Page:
Label: Very Friendly Format: CD
The Super Roots series is an epic series of compilations containing previously unreleased material from the Boredoms. Previously unreleased in the west, at least. The series is as ever shifting and hard to pin down as the band themselves, which makes Super Roots a good introduction to the crazy noisy creative genius of the Boredoms. There are some absolute gems in the series, which contains a broad spectrum of material from the Boredoms. Rock, dada, noise, tribal percussion, more psychedelia than is good for you, remix CDs, full length albums, and epic CD long monster tracks.
Being new to the Boredoms I made the fatal mistake of asking the question: what do the Boredoms usually sound like? What would be a good reference to judge the Super Roots against? So I immersed myself in Seadrum/House Of Sun, Super Æ,
Continue reading Boredoms – Super Roots 1,3,5,6,7,8 […]
Donning a swift alter-ego for a heavyweight re-rendering of a pair of Black Sabbath classics, Aaron Funk proves that he’s as adept at the dub(step) as he is at splattery digital grinds when the Venetian part is elided from his Snares moniker. It also comes as no surprise that the record should appear on Bong-Ra‘s label Kriss, given his [post=”bong-ra-grindkrusher” text=”penchant for mashing up old-school grindcore in a breakcore style”] himself.
One for stoners of both the rock and dub variety everywhere, the lovely marbled green 10″ vinyl heaves with heaviosity, the splicing of “Black Sabbath” with wobble-bass is one reggification which works on so many levels, and it sounds like the tune was made for splicing into a dubstep haze of clattery drums and earth-shuddering low end. Funk’s bassline follows the original so closely that it’s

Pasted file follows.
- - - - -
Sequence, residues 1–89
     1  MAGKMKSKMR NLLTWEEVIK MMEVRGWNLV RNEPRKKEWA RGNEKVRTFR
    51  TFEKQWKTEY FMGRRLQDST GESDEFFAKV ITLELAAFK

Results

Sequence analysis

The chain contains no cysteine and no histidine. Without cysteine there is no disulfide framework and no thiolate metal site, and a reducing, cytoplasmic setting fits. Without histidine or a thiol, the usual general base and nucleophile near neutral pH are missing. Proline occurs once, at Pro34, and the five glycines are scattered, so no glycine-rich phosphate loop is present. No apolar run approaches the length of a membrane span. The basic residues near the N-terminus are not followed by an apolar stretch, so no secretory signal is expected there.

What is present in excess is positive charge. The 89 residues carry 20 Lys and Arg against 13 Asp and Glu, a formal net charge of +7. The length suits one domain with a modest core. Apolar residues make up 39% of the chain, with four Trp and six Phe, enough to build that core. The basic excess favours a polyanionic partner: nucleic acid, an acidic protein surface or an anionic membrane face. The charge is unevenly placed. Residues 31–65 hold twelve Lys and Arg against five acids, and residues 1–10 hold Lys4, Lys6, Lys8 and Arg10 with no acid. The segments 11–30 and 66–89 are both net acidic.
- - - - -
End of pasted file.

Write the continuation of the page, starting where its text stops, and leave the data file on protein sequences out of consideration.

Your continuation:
Continue reading Snares – Sabbath Dubs […]
Meltdown 2007 Queen Elizabeth Hall, London 18th June 2007
The smoke and glitter which characterises Chrome Hoof‘s performance at Meltdown 2007 is something of a wonder to behold. Unleashing a brain-boggling riot of progtastic disco – complete with intoned disclaimer for any responsibilty for the effect of the show on the audience at the start, this thirteen-piece bunch of silver-clad space invaders proceed to set out to do their level best to give the term weirdo a good name.
It’s a good thing that Chrome Hoof have a stage big enough to fit them all on with room to spare, and it later becomes apparent that the troupe will make the most of the freedom a nice bit of
Continue reading Sunn 0)))/Chrome Hoof (live at the Queen Elizabeth Hall) […]
St. Giles in the Field, London 1st June 2007
I hit the church shortly after opening time, still muddleheaded from work, the sun only just beginning to slip it’s way behind central London’s monstrous office monoliths, and St. Giles’ church is already packed, a situation not helped by the decision to close off the balconies.
I succeed in grabbing a pew toward the back though, and bear happy witness to Islaja’s helplessly ineffable drone-pop as it soundtracks my fellow cultured punters politely pushing past each other, negotiating seating arrangements as if boarding a longhaul flight. All I can see in the direction the music’s coming from is the bobbing torso of a stern bass player who seems to be generating much of the gorgeous tonal rumbling, of which there is a whole lot goin’ on, whilst vocal stylings akin to Bjork auditioning “CONTENTMENT” for a demanding
Continue reading Tony Conrad/Paavoharju/Richard Youngs/Islaja (live at St Giles In the Field) […]